The Jamaica Manufacturers and Exporters Association, JMEA, today lashed out at banks and financial institutions for what they’re calling “extortionist” markups in the sale of US dollars.
According to the JMEA, the markups are the highest in the CARICOM Region.
They’re also again blasting the banks for what they say are some of the highest interest rate spreads in the world.
The JMEA is pointing to the Bank of Jamaica’s trading summary, which shows how much banks on average pay for US dollars, and how much they sell it for.
On August 16, banks and cambios bought US dollars for as high as $138.50, and then sold those dollars for as much as $146.25. That’s a 5.6 percent markup.
JMEA Deputy President, Richard Pandohie, says they’ve done extensive research, and found that this is one of the highest markups in all of CARICOM.
The JMEA says commercial banks, especially, seem to be more interested in boasting a double-digit increase in revenues and net profits but demonstrate blatant disregard for the development needs of the country.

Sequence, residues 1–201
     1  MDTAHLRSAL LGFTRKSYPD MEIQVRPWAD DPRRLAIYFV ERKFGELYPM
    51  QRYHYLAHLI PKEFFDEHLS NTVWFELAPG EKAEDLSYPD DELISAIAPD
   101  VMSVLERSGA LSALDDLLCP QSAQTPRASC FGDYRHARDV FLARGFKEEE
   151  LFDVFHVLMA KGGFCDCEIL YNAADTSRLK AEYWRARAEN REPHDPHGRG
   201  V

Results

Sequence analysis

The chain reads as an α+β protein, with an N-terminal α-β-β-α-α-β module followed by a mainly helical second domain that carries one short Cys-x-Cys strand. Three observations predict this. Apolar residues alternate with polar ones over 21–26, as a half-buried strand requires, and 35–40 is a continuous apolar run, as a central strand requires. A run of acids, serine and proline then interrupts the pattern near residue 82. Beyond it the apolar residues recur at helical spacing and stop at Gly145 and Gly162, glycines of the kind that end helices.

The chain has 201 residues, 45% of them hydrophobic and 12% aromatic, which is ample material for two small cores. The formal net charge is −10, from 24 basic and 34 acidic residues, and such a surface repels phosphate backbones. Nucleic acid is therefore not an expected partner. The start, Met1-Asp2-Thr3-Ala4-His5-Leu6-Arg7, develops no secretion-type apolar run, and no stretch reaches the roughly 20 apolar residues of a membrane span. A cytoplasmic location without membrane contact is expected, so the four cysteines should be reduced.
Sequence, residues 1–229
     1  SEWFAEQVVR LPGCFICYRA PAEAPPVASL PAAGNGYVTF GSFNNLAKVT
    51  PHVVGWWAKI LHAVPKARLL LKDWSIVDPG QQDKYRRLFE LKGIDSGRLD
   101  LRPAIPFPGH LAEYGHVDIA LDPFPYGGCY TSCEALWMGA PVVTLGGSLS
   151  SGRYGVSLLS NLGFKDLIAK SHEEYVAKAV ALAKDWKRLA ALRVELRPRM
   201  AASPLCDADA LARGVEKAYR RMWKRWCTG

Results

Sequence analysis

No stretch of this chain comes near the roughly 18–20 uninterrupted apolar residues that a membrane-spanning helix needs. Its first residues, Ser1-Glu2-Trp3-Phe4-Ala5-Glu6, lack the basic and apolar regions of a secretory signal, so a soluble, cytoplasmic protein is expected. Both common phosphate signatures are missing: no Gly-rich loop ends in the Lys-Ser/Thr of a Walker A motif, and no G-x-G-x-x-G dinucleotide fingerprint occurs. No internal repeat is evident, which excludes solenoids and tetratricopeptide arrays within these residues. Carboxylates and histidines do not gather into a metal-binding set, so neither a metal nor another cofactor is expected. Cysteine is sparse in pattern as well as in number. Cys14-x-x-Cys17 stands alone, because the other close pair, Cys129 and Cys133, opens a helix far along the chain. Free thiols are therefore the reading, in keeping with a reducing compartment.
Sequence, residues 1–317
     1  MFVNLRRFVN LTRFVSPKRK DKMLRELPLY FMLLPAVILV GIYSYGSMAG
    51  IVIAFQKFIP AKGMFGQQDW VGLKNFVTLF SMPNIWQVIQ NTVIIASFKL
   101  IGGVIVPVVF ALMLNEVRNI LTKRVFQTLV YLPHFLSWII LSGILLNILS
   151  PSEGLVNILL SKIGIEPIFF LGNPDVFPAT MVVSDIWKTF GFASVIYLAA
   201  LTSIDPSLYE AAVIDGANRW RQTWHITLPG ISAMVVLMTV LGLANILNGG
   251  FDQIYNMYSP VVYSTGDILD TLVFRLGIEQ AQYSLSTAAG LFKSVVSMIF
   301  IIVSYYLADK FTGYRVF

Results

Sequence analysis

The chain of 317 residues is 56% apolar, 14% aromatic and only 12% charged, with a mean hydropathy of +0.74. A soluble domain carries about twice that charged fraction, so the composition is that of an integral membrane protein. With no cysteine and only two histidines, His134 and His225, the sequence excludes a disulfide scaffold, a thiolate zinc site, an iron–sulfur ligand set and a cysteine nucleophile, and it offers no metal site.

The association is calling on them to reduce their markups to make Jamaica more competitive globally.
According to Pandohie, the situation is even worse when it comes to interest rates.
The JMEA says between 2006 and 2016, Jamaica’s interest rate spread was nearly double the world average.
The spread refers to the difference between the interest rates banks pay to its depositors, and the rates at which they subsequently lend that money to borrowers.
According to data from the JMEA, the spread has been as high as 15-percent, representing huge profits for the banks.
Pandohie says they’re very upset about it.
The JMEA says is questioning if the BOJ’s monetary policy of lowering interest rates and setting a 5% inflation target is to drive production, then why are the banks taking so long to respond and play their role in economic growth and development for all?